"Shattering dangerous myths about the past is the historian's main social responsibility.  In Ireland where popular history is an odd brew of myth and reality, there is still plenty for her  (or him) to do. Perhaps, then, a dose of  cold revisionism was necessary to purge the locals of a simplistic and hysterical "Our Boys" view of the Famine as a "dastardly" British plot?  The connection between "och/on och/on popular history and national resistance is  after all, real."-p99.Ireland Before and After the Famine

O'Gr/ada is correct when he suggests that at times this healthy revisionism has indeed
gone too far. The populist accounts such as that of Cecil Woodham-Smith's The Great Hunger
which while not exactly accurate sources, were none the less attacked without mercy.
F.S.L. Lions however, in Irish Historical Studies called, correctly, for analysis based within the context of the times.  Liberal Republican/Nationalist authors such as Robert Kee's were accurately seen as promoting terrorism by providing an undue emphasis on the emotive, political and popular.
I see no problem in dealing with the emotive and populist uses of the famine however I would
suggest that their presentation should not be that of history but of reflective contemporary ethnography which is able to both treasure such opinions and conclusions as folklore while
relating them to the solid facts of the matter.

Daly wrote in the 1980s that (government at the time should) "perhaps be seen in a more sympathetic light that it is generally regarded....It does not appear appropriate to pronounce in an unduly critical fashion on the limitations of previous generations...A greater sympathy  with the Irish case would (not) have automatically guaranteed a dramatically reduced mortality"-The Great Famine. While speaking out against strategies of analysis the revisionists also attacked dramatic and  emotive writing styles.  The work of Donnelly, Mokyr and O'Neill (see bibliography) deriving from outside  of Ireland have dealt critically with issues such as claims of Genocide.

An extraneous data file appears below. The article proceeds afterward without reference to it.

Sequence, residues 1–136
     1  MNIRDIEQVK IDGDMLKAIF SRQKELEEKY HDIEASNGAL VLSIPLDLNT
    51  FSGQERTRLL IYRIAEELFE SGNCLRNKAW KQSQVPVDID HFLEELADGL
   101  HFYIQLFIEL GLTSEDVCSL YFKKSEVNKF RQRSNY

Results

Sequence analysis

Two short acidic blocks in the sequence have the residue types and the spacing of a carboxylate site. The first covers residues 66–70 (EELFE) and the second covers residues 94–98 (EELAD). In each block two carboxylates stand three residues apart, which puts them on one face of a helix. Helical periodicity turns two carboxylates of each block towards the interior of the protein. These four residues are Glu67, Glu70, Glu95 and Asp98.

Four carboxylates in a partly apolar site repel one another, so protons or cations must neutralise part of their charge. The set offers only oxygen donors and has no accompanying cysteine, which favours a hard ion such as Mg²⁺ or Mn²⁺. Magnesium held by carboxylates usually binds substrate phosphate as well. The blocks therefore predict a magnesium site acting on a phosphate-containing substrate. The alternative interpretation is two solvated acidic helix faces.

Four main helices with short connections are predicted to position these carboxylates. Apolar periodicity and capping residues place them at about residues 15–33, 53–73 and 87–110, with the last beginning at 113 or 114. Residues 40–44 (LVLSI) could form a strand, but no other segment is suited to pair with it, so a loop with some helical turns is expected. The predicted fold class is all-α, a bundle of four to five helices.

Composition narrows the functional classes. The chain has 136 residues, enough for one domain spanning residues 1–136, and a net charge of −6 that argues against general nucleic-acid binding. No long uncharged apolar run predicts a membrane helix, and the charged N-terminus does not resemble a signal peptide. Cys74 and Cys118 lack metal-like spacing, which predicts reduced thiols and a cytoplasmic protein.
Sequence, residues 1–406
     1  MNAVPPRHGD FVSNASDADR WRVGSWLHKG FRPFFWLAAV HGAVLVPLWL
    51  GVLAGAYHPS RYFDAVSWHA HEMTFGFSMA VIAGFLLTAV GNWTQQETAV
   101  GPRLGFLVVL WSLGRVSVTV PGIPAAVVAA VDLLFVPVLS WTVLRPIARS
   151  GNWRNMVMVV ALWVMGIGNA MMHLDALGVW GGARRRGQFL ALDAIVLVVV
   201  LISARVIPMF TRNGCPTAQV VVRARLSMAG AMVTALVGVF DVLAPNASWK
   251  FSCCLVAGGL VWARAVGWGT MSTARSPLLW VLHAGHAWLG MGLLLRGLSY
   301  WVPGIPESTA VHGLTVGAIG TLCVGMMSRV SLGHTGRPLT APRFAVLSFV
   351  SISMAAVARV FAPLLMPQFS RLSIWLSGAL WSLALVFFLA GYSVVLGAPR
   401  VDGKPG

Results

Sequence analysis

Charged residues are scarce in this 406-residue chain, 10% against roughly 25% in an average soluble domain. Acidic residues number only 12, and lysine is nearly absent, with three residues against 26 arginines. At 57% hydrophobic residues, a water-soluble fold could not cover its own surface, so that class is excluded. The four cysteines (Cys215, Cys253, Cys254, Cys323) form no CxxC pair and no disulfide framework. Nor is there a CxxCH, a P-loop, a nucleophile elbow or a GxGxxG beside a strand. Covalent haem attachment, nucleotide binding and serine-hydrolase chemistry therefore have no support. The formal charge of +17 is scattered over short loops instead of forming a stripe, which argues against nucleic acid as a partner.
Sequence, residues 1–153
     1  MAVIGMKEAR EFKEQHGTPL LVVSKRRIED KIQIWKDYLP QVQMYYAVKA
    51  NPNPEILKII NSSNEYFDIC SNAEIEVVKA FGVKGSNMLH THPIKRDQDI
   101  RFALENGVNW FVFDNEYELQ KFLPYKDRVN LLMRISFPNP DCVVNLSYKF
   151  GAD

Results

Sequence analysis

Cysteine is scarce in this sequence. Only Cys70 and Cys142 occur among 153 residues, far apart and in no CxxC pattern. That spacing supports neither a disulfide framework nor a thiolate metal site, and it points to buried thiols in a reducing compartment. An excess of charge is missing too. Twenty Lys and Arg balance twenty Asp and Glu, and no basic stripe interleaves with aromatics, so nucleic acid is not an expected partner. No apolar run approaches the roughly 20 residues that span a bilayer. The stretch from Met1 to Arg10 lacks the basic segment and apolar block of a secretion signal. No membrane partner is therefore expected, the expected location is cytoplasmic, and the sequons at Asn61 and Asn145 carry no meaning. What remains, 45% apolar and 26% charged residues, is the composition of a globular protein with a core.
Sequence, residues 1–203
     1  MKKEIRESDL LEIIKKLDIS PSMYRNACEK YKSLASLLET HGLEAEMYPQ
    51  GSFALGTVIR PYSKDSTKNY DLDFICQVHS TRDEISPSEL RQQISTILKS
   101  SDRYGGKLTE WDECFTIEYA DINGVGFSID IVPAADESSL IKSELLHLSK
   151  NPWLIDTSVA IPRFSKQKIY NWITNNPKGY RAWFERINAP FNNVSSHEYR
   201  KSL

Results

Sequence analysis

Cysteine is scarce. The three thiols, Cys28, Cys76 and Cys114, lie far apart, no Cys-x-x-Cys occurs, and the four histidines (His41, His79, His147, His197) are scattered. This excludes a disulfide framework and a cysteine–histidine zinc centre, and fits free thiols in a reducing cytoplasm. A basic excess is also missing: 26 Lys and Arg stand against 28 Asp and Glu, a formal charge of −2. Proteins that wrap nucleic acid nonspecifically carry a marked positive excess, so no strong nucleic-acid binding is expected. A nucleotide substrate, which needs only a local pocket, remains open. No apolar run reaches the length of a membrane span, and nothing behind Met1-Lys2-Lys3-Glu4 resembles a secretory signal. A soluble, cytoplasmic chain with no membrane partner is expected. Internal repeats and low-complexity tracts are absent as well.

Clearly the famine has been utilized by authors in pursuit of political agendas.  The cultural
sensitivity of the interpretation of the famine has threatened those in search of the truth
with being branded as excuse makers and traitors. While it is correct to challenge the
emotive and populist it is important that such studies do not merely substitute an alternative
political  or cultural agenda for the one they wish to question. The answer is the production
of studies which are carefully founded upon statistics and primary information that leave
the emotive and populist agendas to works of fiction or contemporary ethnography.

To return to the top of this page click here
To return to the main menu of Famine Issues click here
To return to the main menu of the Potato Famine Commemoration Pages click here


Commemorative Counter Revisionism

To review this school of thought see our special section by clicking here.

To return to the top of this page click here
To return to the main menu of Famine Issues click here
To return to the main menu of the Potato Famine Commemoration Pages click here

The Menu of Famine Issues

The Famine 
Starving in a  
Sea of Fish 
Failure to Utilize  
Seafood resources 
Cultural or Logistical
Irish Celtic Culture 
Liability or  
To Return to the main History Page click here
To return to the main menu of Famine Issues click here
To return to the main menu of the Potato Famine Commemoration Pages click here

 Main Menu of Potato Famine Comemoration Pages

Potatoes and Fungus Potato Miscellany page. Fungus 
Late Blight Simulation Software  Potato 
Science Update  Potato Recipes
The Irish Potato Famine 
An Gorta Mor-
History of 
the Famine
Ideas for   
Famine Links
 About the Author and Webmaster              Help these Pages to continue

  To Return to the Main Page Click Here